Monday, January 05, 2009

India Holiday - Sunday 21 December – Arrival in Kochi

We arrived a little late in Kochi (formerly Cochin) after a relatively long but uneventful trip from Birmingham, having managed about 2 hours sleep on the 2 leg-trip via Dubai. The transition from grey drizzle and 3c to hazy sunshine and 23c at 8am was however entirely pleasing :) Finding the driver from Kalypso Adventures (a highly recommended tour company) in the queue outside the terminal was a major relief, we had booked everything in advance but left some of the details hazy. Having been collected we headed across Kochi to our first destination, the Taj Malabar (,COCHIN/default.htm), having previously decided a couple of nights somewhere relatively pleasant/tame to get over jetlag and to acclimatise would be a good idea.

Helen, having never been to India before, was taking everything in, the sights, scenes, smells, noise and hustle and bustle. It was 9am Sunday morning as we passed through the central district of Kochi, which was surprisingly busy, although not comparable to 9am Monday morning in downtown Chennai or Mumbai.

In the car we were given gift sets including hats, t-shirts and tea spices (a result, as we were going to search for the latter later on in the holiday but now we didn’t have to!), which was very generous of Kalypso. It’s worthy of mention how helpful Kalypso ( has been in helping me to put this holiday together, including co-ordinating and managing all of the various bookings, organising the transport, guides, etc., including accommodating a number of schedule changes along the way.

Security, unsurprisingly, was heightened everywhere. By 10 am we were checked-in to the Taj, situated on one of the islands that make up the port district of Kochi, knackered but on holiday! First stop was a walk around the small hotel gardens and a look out onto the water to see what might be about. The first thing you notice is the sheer number of House Crows, which maintain a constant conversation amongst themselves, they’re everywhere in the gardens and on the surrounding land. Also present in reasonable numbers were Barn Swallows, zooming around the top of the hotel. After that it was field guide time for pretty much everything we saw :) Our first raptor was this Brahminy Kite, which kicked a juvenile Brahminy off a perch on a buoy to settle there itself, and then after a brief lull resumed its soaring around the hotel and across the water around the island:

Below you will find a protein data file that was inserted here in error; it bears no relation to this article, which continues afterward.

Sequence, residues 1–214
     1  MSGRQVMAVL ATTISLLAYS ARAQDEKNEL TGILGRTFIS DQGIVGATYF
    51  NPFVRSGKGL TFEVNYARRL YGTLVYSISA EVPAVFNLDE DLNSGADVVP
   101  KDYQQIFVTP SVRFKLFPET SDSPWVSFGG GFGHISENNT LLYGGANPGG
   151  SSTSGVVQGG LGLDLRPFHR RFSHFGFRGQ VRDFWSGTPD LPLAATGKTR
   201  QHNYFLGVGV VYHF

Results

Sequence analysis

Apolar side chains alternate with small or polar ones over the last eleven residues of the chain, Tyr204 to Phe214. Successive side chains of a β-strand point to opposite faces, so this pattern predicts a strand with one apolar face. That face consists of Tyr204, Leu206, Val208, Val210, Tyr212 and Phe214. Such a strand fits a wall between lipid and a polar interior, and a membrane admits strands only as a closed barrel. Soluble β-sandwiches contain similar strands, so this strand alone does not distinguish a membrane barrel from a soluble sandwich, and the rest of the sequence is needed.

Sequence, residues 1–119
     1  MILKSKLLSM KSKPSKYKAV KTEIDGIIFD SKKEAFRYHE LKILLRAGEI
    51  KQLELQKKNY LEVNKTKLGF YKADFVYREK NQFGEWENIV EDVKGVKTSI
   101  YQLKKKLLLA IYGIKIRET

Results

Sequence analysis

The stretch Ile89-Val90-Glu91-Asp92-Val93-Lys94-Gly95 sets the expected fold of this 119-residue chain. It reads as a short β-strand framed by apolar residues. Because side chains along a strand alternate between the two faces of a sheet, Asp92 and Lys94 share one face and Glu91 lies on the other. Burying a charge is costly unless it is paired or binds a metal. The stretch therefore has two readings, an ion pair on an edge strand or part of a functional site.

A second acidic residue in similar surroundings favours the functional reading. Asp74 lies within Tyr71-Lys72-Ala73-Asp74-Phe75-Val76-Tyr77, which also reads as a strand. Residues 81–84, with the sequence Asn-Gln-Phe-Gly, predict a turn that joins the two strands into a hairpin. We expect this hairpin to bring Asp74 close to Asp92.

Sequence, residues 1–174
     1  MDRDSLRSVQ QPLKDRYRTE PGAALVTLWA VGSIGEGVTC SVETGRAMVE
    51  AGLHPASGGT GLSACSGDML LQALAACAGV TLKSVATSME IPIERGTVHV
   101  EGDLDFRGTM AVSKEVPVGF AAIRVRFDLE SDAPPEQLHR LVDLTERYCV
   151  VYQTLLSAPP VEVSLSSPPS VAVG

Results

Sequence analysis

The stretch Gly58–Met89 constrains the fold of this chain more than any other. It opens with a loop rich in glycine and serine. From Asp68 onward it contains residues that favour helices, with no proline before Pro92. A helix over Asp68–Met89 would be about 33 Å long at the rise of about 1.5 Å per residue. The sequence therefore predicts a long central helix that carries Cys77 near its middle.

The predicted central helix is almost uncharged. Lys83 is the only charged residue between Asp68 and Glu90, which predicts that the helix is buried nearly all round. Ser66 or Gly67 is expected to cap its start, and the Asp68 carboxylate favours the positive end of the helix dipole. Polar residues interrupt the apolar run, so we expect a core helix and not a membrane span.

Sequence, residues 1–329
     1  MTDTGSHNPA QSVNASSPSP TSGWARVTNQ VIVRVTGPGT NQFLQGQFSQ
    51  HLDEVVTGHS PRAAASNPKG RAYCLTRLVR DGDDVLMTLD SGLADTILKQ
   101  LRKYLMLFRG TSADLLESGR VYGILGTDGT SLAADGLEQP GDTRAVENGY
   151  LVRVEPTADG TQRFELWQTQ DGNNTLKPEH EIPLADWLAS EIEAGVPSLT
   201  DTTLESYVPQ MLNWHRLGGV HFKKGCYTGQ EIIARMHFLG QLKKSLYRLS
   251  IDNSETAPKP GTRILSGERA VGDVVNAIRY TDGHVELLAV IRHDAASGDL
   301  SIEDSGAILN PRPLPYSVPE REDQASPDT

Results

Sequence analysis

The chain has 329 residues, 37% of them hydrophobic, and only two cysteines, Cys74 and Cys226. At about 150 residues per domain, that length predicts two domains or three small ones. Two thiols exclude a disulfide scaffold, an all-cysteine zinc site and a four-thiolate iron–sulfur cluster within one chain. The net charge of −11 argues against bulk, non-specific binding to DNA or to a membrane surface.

On the water was a floating mulch of seaweed like plants (water hyacinths), mingled with human detritus, which seemed tidal, being pushed around by the passage of craft large and small. On this floating stuff were perched loads of birds, from Great White Egrets, through Intermediate Egrets and Little Egrets, and a number of Indian Pond Herons:

They confused us at first as when they fly their wings are bright white, but when they land they are a very well camouflaged brown bird and hard to spot! Whilst we were watching the various Egrets and Herons, a pair of very small birds caught the eye and the ear – Common Sandpipers:

The second raptor and a frequent sight in these parts was this Black Kite, I now see the distinction between the tail feather patterns on the Red Kite and the Black Kite, which will be helpful if we’re ever lucky enough to see one in the UK:

We had an early lunch in the coffee bar then resumed our perch outside in the garden. The next bird we added was the Gull-billed Tern, a group of three hawking around on the water in front of the hotel:

Then a grey Egret-like bird, which helpfully flew towards us for a bit, revealing these white-wing bars; a distinctive marking of the dark-morph Western Reef Egret:

As we were so tired and lacking sleep we decided to retire for a siesta having done one more round of the gardens. The last bird we saw was very tricky to identify, I couldn’t move fast enough to get a picture of it but we both got a good look at it. It was only the following day, on seeing a pair together that we indentified a Purple-rumped Sunbird. Après siesta we headed back down to the gardens to watch the sunset, which turned out to be more of a treat than we expected. Hundreds and hundreds of Cormorants headed south to roost, as did some Caspian Terns together with large numbers of other unidentified species. We felt like film stars as pleasure boats filled with Indian tourists waved and shouted ‘hello’ at the lily-white Brits on the shore. This is part of the view from the Taj as Sunset approached:

Time then for a thali accompanied by Sandpiper beer :)

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